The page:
- ASX SPI 200 futures up 0.1% to 6,687.00
- Dow Average up 0.5% to 32,036.90
- Aussie up 0.7% to 0.6935 per US$
- U.S. 10-year yield fell 15.3bps to 2.8729%
- Australia 3-year bond yield rose 1.3 bps to 3.19%
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- 09:00: (AU) July S&P Global Australia PMI Compo, prior 52.6
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Asia’s stock markets face a cautious start Friday after a dash of disappointment over technology earnings injected fresh worries about the economic outlook and took some sheen off a US equity rally.
Futures rose modestly for Japan and Australia in the wake of the best three-day gain for the S&P 500 index since late May. Hong Kong contracts were higher following an advance in US-traded Chinese shares.
Treasuries surged Thursday, pushing the 10-year yield below 3%. Rising US jobless claims, a dimming regional factory outlook and a weaker leading economic indicator stoked recession risk amid tightening monetary policy.
A dip in the dollar in recent days that suggested less fear in markets has helped to put global stocks on course for their best week in a month, paring this year’s equity market rout to about 18%.
Commodities remain under pressure, in part as China grapples with Covid cases and growth-sapping mobility curbs. Crude traded around $96 a barrel.
A Michigan woman who sued a man for $10,000 for standing her up on a date got into a heated argument with a judge in a scene captured on video.
QaShontae H. Short filed a lawsuit Sept. 10, 2020, against her date who didn’t show. . According to the claim filed in Michigan’s 67th District Court of Genesee County, the experience caused her emotional distress because the date fell on her late mother’s birthday.
During a just over nine-minute virtual court hearing via Zoom, Judge Herman Marable Jr. informed Short she filed the lawsuit in the wrong court. The case, he told her, should have been filed in circuit court.
After that, the judge asked the defendant if he would be representing himself in the case.
“To be honest with you, sir, I thought this was just going to be thrown out,” he told the judge. “We had a date – one date – and nothing else after that and now I’m being sued for $10,000. I don’t think this is going to go any further, and I think it’s a waste of your time.”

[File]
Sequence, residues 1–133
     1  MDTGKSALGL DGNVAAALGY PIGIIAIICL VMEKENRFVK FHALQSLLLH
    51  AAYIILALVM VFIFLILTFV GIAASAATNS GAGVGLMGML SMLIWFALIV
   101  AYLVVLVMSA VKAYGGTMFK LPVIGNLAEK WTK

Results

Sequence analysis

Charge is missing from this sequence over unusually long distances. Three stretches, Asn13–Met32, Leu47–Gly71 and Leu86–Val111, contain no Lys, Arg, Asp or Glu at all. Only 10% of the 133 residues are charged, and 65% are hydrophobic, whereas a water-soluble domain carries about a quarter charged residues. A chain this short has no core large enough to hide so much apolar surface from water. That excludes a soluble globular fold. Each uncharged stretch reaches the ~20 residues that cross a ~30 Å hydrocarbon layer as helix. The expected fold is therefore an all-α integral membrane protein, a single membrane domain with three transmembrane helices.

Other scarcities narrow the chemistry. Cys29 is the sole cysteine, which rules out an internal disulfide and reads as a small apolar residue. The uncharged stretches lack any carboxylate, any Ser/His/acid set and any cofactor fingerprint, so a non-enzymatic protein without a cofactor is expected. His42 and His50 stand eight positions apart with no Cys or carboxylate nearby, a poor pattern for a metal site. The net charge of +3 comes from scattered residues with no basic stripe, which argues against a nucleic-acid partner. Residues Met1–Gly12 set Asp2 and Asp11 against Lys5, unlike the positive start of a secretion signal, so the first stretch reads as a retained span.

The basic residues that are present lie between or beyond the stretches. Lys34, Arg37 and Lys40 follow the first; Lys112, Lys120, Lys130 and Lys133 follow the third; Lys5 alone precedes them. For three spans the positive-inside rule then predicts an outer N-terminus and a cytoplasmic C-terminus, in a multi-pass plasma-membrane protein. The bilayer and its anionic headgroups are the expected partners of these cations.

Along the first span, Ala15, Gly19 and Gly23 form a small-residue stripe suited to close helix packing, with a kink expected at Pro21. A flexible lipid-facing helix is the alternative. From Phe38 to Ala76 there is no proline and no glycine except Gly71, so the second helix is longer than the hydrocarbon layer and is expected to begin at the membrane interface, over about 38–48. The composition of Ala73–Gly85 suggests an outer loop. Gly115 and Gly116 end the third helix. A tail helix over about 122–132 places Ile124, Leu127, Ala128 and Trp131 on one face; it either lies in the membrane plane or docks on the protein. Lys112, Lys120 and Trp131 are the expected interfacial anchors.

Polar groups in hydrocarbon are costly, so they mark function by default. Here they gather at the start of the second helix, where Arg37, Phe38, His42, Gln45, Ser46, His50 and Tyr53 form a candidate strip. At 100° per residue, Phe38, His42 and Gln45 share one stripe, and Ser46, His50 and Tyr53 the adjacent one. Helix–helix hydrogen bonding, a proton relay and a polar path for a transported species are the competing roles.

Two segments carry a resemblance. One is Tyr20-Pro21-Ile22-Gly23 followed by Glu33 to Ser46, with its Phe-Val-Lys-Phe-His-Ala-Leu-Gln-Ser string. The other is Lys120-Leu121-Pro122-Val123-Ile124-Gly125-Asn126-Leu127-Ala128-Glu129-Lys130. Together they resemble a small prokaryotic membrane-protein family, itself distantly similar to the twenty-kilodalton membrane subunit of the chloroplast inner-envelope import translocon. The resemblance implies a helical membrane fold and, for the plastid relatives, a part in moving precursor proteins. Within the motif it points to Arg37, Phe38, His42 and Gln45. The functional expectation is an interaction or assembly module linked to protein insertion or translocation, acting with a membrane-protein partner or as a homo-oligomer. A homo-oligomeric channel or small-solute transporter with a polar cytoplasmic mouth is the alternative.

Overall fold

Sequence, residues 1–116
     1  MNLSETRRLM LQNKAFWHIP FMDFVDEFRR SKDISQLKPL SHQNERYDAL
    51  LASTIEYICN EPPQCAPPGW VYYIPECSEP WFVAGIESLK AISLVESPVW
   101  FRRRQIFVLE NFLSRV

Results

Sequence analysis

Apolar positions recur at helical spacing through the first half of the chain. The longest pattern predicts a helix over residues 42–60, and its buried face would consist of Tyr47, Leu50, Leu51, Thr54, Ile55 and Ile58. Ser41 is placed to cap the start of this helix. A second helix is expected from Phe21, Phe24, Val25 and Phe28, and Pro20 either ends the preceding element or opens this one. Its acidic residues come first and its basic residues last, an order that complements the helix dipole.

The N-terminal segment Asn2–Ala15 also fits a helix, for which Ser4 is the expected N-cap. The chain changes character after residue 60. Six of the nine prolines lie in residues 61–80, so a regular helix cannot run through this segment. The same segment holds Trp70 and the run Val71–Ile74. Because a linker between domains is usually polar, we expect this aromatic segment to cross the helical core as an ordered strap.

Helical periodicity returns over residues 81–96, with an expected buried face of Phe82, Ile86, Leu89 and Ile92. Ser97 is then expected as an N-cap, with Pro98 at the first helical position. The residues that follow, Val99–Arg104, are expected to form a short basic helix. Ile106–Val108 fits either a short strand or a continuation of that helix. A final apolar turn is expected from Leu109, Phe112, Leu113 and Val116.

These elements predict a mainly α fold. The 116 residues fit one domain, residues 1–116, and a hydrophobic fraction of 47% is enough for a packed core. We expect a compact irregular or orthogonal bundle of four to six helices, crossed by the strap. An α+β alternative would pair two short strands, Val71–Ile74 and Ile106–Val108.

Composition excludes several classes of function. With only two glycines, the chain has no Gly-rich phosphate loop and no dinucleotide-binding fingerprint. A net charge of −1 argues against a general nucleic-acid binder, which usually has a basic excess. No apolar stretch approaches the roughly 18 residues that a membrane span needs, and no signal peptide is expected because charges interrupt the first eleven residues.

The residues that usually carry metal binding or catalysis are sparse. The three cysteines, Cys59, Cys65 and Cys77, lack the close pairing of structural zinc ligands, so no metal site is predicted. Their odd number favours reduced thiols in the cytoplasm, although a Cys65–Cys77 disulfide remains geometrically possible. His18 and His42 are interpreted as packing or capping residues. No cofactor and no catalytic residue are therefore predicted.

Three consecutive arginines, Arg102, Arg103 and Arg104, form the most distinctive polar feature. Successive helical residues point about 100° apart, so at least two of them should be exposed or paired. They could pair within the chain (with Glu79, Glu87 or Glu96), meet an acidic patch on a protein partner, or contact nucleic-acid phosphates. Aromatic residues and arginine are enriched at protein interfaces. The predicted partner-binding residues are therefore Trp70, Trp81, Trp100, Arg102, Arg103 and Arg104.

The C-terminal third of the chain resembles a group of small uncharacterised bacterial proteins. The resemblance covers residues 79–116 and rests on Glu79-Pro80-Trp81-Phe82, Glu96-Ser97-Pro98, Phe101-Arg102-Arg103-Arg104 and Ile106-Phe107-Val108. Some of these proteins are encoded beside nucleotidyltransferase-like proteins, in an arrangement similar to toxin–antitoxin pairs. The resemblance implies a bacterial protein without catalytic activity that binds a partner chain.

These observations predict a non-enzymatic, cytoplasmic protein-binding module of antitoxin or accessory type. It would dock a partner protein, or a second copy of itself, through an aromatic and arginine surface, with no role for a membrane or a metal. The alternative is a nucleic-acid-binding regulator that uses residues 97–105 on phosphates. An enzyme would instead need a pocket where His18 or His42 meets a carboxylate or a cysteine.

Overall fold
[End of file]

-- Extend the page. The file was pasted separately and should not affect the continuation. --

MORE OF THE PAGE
In the video, the judge said that if the man thought the case should be tossed, he needed to file a motion to dismiss it.
“If he responds and his response is a lie, then it’s perjury, and my documents would prove it’s a lie,” Short then yelled.
“No, no, no. … Do you understand what perjury is?” the judge responded raising his voice.
“Please do not insult my intelligence. Do not do that,” Short replied loudly. “As if I don’t understand what ‘perjury’ means.”
At one point the judge ripped his face shield off as the woman continued to shout.
“Be quiet while I am talking,” the judge said at least twice.
The video shows the defendant holding his hand over his face and later with his head down and his palm over his forehead.
“Bottom line is, you said it’s a criminal offense, so I will send it to circuit court,” Short said. “Are we done here? Are we done here? Are we done here?”
Eventually, Marable muted the Zoom call and transferred the suit to circuit court.
The judge dismissed the case and it was transferred to the 7th Circuit Court on Thursday, court records show.
Short could not immediately be reached for comment by USA TODAY.
This isn’t the first time Short filed lawsuits that have been dismissed by a judge, court records show.
According to information from Michigan District Court and Circuit Court, she filed at least a dozen suits in both court jurisdictions over the past two decades – one dating as far back as 2000.
In January 2020, she filed a $300 million suit against the Flint Police Department in Michigan, alleging she was assaulted and harassed by several different police officers. A judge eventually dismissed the case.
She also filed a lawsuit against AT&T in October 2020 in Sheboygan County Circuit Court in Fond du Lac, Wisconsin. Online court records show she failed to appear in court for a hearing, and the case was tossed.